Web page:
Mini-Series Topic #9:  Professional Development

The SD industry is largely unregulated, and has largely been built on a grass roots model.  Many programs were started by wonderful and kind-hearted individuals with a genuine desire to provide service dogs to those in need.  As they have grown. the emphasis has always been placed on training the dogs, and issues of staff development have often fallen by the wayside.  The FSDS believes that professional development of the staff must be a critical component of any SD training program, because the best way to ensure the quality of the canine training is to ensure that the quality of the trainers.

Because the dogs are trained to perform task that include lifesaving medical detection, we must realize that the training issues extend way beyond physical tasks and enter the realm of medical interventions.  As such, patient safety must remain at the heart of our decision making, and we must strive to set a gold standard for patient safety  that is consistent with the standards of care upheld in the broader medical community.

There are two types of training issues that must be addressed, and those are:

  • federally mandated training
  • program initiated training

As we speak to various trainers it has become apparent that both of the above areas are in need of attention.  For example, many programs appear unaware of the requirement to provide OSHA training to staff.

Federally Mandated Training – Occupational Safety and Health Administration (OSHA)

Bloodborne Pathogens – all employers whose employees are at risk to come into contact with blood or other body fluids (such as diabetic saliva samples) are required to provide annual training to staff.
On November 6, 2000 the Needlestick Safety and Prevention Act was signed into law.  This law mandates that preventive education as well as needlestick injury documentation and reporting be undertaken for all at risk employees.  The law applies to:
“all employers who have an employee(s) with occupational exposure (i.e., reasonably anticipated skin, eye, mucous membrane, or parenteral contact with blood or other potentially infectious materials (OPIM) that may result from the performance of the employee’s duties). These employers must implement the requirements set forth in the standard. Some of the new and clarified provisions in the standard apply only to healthcare settings, but other provisions, particularly the requirements to update the Exposure Control Plan and to keep a sharps injury log, apply to non-healthcare as well as healthcare settings.”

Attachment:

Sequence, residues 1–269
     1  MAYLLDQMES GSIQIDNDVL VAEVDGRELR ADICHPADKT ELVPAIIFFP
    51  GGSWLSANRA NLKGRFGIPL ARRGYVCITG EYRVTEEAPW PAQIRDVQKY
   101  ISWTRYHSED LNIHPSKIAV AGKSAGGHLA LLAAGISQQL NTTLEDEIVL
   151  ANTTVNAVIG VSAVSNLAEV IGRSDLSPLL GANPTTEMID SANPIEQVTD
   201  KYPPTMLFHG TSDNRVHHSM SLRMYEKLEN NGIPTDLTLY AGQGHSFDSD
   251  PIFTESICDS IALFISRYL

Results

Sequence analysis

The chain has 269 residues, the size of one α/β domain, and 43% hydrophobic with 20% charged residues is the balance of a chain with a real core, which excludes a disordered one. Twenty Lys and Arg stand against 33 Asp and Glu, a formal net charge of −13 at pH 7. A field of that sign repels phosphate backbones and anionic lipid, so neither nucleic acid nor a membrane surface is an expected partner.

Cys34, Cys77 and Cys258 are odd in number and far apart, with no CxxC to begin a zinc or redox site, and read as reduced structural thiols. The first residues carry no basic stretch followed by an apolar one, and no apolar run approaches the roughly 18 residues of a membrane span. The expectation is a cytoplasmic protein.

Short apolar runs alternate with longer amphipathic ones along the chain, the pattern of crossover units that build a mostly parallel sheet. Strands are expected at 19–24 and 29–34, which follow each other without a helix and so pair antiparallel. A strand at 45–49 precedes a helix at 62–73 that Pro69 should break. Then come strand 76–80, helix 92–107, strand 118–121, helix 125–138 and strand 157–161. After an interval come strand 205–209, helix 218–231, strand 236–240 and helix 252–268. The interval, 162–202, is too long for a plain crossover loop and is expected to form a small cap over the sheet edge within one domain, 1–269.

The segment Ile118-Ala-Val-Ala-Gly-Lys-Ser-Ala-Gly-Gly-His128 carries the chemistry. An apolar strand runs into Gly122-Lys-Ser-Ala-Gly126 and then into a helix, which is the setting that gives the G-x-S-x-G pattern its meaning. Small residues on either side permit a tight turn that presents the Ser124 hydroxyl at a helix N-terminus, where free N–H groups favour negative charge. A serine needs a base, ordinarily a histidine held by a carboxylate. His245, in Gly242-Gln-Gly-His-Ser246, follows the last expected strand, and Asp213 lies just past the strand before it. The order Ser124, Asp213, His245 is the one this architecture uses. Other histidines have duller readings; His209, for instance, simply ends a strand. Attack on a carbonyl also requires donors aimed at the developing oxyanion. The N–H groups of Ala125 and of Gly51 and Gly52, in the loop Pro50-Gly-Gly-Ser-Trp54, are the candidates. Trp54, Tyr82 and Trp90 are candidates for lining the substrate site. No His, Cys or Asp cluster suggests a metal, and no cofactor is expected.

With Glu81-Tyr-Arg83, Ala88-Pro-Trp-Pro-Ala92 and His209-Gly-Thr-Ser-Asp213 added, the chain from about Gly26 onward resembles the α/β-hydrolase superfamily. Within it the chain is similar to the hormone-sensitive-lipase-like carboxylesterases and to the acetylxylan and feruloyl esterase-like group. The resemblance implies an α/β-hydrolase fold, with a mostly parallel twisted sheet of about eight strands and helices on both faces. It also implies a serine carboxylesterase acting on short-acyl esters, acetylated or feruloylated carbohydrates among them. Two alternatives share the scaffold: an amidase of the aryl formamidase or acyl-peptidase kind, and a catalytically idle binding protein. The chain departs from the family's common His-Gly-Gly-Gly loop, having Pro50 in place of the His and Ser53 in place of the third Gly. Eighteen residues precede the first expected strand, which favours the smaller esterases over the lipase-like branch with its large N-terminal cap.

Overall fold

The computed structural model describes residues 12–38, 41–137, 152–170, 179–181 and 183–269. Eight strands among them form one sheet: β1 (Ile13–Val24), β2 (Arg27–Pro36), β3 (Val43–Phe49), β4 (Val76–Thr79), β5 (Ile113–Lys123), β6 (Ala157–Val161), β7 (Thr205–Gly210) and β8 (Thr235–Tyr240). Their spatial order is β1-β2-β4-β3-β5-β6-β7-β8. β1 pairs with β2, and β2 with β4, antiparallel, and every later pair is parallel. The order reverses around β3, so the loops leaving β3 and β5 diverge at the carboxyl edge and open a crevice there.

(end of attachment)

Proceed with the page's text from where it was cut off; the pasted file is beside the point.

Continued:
Because SD trainers are working with dogs,who sometimes can bite, this law pertains to all SD training businesses.  We remind all of our students that a mandate is not an invitation, it is a direct order.
This training must be provided upon hire, and annually thereafter.
Workplace Violence – this type of violence is prevalent in society, and although there are approximately 2 million cases that are reported each year, it is estimated that many more go unreported.  In some cases this involves violence between co-workers.  In other cases, it results from stalkers who pursue their victims at their place of work.  Regardless of the reason, this presents a grave danger not only for the intended victim, but for others in the vicinity as well.
All employees should receive training on how to detect and prevent violence.  Training should also include a discussion of steps that they can take to report any suspicious requests to supervisors.  A company policy should be in place to prohibit sharing information regarding worksite location and hours of any particular employee with others.   All such requests for information should be directed to Human resources.
Employees who feel that they are being stalked should be encouraged to notify their supervisor and it should be made clear to these employees that they may do so without fear that they will lose their job, as this often serves as the reason for a failure to report. Violence is a public health crisis and must be taken seriously.

Program Initiated Training

Nurturing your staff and encouraging professional growth is an important task for all managers.  A staff that is permitted to stagnate will become bored and is more likely to seek employment elsewhere.   Business owners / Directors should place an emphasis on staff retention, rather than recruitment.

SD Training is a highly specialized area of training, and one of the things that sets this area of training apart from others is the strong focus placed on education of both team members, rather than skills training for dogs only. There are many ways to go about professional development.  You could spend years and incur the high cost of developing your own program, or you can access services already available, allowing you to turn your attention to running and growing your business.